Since I leased one of the few apartments in town from Charlie, I didn’t want to make him mad. I smiled at him with so much syrup dripping from the corners of my mouth that I had a sudden craving for pancakes. “We’re almost done here, Charlie,” I said, followed by a quick lick of my lips. “Do you mind if I finish with Bud, first?”
Charlie kept his heated gaze fixed on Bud. “I’ll be back, Picklemann, when a little bit of a girl isn’t protecting you.” He turned and marched away in a gimpy cadence.
I glanced at Bud to gauge his reaction to the turn of events. It seemed his full attention rested on Charlie’s animated departure.
What’s that saying about opportunity knocking? I inched toward Bud and snatched the photo.
“Hey, give that back,” he shouted.
I studied the picture on my way to the other side of the fence. “You sly old dog.” I flicked the picture back and forth. “These are your kids. You cut the zip ties and let them in to the play area to get me in trouble.”
“Doesn’t matter whose kids they are. The council agreed with me. You’ve got to put up a more secure fence, or we’ll pull the contract.”
I resisted the urge to stomp my foot like Lisa’s preschoolers and decided to beg or maybe even whine. “Renting a chain-link fence will take time I can’t afford to lose. Then I’ll have to hire laborers to do the work I planned to do by myself just to catch up and meet the deadline. I might get done on time, but I’m sure to lose money.”
“You should have built a contingency into your bid.”
I snorted. “Right, and come in as the highest bidder. Even as the lowest bidder, the council had to force you to give me the job.”
“You want to stand here all day arguing or get to work before time runs out?” His snide smile dissolved the last of my manners.
I picked the first thing that came to mind to use as a weapon. “This is about Rachel, isn’t it?”
“What? What could my sweet Rachel have to do with this?”
Sweet? Hah! “Seriously, Bud Picklemann, you were the densest boy I knew in school. If it’s possible, you’ve gotten worse. Your wife has you doing her dirty work. Man up and admit it.”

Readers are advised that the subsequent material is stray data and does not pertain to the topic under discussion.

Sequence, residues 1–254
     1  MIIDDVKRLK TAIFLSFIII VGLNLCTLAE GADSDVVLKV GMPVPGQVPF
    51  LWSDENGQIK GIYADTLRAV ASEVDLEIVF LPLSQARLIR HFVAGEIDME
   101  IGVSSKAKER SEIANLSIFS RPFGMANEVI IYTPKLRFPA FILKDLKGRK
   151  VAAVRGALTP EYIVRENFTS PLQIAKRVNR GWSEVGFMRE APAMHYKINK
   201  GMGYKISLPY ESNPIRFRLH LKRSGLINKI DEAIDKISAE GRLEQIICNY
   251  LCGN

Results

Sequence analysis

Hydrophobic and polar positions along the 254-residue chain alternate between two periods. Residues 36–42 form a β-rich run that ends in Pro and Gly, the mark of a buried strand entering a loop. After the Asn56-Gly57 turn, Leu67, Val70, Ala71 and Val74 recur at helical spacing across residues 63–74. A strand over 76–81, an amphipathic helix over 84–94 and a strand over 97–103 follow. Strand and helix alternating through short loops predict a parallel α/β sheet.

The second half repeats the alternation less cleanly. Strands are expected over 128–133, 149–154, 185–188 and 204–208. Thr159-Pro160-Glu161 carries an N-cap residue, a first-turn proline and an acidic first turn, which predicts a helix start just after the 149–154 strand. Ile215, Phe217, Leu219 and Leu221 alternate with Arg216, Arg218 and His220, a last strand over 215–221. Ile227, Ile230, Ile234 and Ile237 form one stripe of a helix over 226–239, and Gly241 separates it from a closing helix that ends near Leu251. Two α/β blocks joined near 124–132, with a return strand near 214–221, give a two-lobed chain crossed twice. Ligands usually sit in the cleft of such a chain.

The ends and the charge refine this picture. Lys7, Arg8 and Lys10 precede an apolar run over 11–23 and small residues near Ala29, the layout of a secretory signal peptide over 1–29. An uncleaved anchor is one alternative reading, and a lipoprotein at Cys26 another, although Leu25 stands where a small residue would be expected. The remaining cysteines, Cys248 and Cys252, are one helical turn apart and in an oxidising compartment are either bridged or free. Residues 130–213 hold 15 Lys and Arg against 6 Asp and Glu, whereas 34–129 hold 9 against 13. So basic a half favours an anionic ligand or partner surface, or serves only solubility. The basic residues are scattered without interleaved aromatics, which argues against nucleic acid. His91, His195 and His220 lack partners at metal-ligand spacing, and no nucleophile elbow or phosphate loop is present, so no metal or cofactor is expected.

His mouth fell open and flapped about. I guess no one had never confronted him with his puppet status before. I snapped my own mouth shut before more offending words flew out, and offered a quick prayer for guidance. I wasn’t known for my subtlety, and I was close to losing it. Only God could help me keep a lid on it when my inner child took over.
“C’mon, Paige,” I mumbled under my breath. “Stop. There will be other jobs.”
“You say something?” Bud snapped.
I had no other jobs lined up. Still, the wisdom of giving in before this became more personal seeped into my brain. “Fine. I’ll get the fence.”
“About time. Remember, no more work until it’s up.” He turned and charged toward the parking lot.
His dismissal grated on me as if a real globe thistle had brushed against my skin, and the little bit of wisdom I had found took a hike. “You do anything else to interfere with this project, Bud Picklemann,” I yelled at his back, “and so help me, you’ll wish you hadn’t.”
“Ohh, I’m shaking in my boots.” He laughed in a tone that fully released my wrath.
“I mean it, Bud. You do anything, and I mean anything else, and I’ll have your. . . your job. . . and your. . . your head on a plate.”
I cringed as the last words passed my lips. The morning had come full circle. If I had a spray bottle of pesticide with me, I’d be as tempted as Weed Whacker to douse the human weed in my life.❖

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Susan Sleeman writes romantic suspense for Love Inspired Suspense and cozy mysteries for Barbour Publishing.  She lives in Florida with her husband and has two beautiful daughters, a terrific son in law and an adorable grandson.Indiana.




About Vicki Hinze
USA Today Bestselling and Award-Winning Author of 40+ books, short stories/novellas and hundreds of articles. Published in as many as 63 countries and recognized by Who's Who in the World as an author and an educator. Featured Columnist for Social-IN Worldwide Network and Book Fun Magazine. Sponsor/Founder of FMI visit